Europe to Begin Tracking Travelers in Fight Against Terrorism

The European Union, well known for its strong stance on protecting individuals’ privacy, voted on Thursday to begin to collect information about travelers flying in and out of the region in an escalating effort to combat terrorism. The new measures were approved at the European Parliament in Strasbourg, France, winning in a landslide with 461 votes in favor, 179 against and 9 abstentions.

These new legislative bearings have a familiar tone, as the United States began making very similar changes after the 9/11 attacks. The European Union has always had a strong inclination towards protecting privacy, but clearly priorities have shifted in the aftermath of several tragic and very high-profile attacks throughout the region.

The measure involves the collection of PNR’s, also known as Passenger Name Records, in an effort to track any suspicious patterns or activity. This passenger data includes names, email addresses, phone numbers, payment methods, itineraries, passport data, and even baggage information. This information is currently only tracked by the airlines, and the new law makes it mandatory for them to share this information with authorities. The data will be kept for five years.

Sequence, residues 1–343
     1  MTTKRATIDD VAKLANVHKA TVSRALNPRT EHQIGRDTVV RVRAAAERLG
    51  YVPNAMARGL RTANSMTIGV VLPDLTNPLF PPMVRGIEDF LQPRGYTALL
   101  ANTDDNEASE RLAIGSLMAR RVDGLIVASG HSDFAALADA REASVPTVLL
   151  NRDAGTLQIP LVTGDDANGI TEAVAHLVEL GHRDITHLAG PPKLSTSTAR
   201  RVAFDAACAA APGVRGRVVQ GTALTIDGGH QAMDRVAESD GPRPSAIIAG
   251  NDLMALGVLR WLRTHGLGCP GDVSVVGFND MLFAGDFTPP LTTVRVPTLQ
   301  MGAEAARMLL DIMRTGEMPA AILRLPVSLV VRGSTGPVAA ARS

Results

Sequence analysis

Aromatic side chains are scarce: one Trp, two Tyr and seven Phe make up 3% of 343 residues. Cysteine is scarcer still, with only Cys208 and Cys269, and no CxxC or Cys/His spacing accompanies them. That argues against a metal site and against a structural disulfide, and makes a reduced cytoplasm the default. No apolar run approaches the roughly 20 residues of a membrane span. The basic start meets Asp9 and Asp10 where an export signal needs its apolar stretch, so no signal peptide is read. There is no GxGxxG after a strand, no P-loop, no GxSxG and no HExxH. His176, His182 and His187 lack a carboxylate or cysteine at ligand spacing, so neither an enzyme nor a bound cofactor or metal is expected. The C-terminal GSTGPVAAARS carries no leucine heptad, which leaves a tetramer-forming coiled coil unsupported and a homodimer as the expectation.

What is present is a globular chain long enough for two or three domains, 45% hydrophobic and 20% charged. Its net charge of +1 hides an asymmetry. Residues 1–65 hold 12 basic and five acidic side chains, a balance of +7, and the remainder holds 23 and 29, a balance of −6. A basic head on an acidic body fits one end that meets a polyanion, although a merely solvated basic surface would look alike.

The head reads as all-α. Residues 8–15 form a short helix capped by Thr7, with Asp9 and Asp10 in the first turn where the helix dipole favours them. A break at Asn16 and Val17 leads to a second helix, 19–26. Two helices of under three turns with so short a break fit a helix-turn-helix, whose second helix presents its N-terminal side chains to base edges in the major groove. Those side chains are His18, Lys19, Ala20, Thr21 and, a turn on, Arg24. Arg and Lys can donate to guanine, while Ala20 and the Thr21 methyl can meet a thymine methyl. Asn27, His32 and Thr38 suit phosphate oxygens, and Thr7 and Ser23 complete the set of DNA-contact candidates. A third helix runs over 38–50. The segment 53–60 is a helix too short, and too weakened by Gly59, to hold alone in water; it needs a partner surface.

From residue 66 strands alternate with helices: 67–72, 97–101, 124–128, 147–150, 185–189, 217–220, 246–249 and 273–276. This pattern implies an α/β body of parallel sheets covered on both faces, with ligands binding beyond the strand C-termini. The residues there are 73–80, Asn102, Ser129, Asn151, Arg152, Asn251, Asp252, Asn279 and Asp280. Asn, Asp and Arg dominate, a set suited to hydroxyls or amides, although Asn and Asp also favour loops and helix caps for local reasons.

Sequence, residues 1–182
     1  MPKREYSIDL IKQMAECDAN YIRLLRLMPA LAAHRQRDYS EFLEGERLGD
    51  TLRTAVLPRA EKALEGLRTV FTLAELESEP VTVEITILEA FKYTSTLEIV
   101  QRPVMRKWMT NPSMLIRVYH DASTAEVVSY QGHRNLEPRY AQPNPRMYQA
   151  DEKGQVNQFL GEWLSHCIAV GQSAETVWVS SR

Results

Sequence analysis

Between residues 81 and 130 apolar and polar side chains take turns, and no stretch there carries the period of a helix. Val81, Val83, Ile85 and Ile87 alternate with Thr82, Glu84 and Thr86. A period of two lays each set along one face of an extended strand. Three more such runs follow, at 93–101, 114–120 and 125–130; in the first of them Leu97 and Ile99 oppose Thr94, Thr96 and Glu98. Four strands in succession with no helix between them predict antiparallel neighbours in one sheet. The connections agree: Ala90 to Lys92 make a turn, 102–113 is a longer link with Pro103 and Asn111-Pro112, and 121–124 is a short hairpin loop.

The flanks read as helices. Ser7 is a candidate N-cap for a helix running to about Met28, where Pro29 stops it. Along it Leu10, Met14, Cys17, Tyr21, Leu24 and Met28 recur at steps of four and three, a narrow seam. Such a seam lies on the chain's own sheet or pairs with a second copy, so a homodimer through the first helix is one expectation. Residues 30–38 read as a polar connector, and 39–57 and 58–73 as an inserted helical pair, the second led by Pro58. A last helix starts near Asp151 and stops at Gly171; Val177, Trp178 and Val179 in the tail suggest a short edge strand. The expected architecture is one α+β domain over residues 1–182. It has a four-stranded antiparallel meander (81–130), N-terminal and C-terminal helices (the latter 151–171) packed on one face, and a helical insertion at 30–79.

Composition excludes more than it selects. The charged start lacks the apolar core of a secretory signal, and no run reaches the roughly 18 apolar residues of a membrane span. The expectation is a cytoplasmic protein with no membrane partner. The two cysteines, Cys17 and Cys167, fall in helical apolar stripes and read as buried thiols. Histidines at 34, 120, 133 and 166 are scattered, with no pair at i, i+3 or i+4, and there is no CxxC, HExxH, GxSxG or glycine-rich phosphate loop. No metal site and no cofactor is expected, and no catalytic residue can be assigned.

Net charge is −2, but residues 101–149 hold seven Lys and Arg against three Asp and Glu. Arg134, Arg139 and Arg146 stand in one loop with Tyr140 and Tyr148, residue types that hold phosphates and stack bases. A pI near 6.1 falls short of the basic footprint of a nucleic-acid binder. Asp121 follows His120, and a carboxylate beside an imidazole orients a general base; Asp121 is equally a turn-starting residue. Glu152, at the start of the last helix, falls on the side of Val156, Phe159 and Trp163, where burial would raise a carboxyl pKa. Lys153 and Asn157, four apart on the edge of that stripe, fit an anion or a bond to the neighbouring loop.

The debate regarding personal privacy and civil liberties has been going on for many years within the EU government. Many have stated that the law is too intrusive, taking a stance against the surveillance of ordinary citizens. However, the attack in Paris on a French newspaper, followed by the second attack in Paris that left 130 dead and a third attack in Brussels Airport last month has changed their perspective, with France leading the pack on the new legislation.

The US, Australia and Canada already collect passenger information, which the US currently provides to the Department of Homeland Security. Europe has signed agreements with all three countries to exchange information with each other.

As for travel within Europe, privacy concerns are still dictating legislative decisions. In this case, the individual governments of the 28 countries have a choice about whether they will collect or share information. However, most decision makers have agreed to also share this information on a voluntary basis. Authorities hope that their efforts will result in increased surveillance, not only tracking potential terrorist threats but also common criminals.

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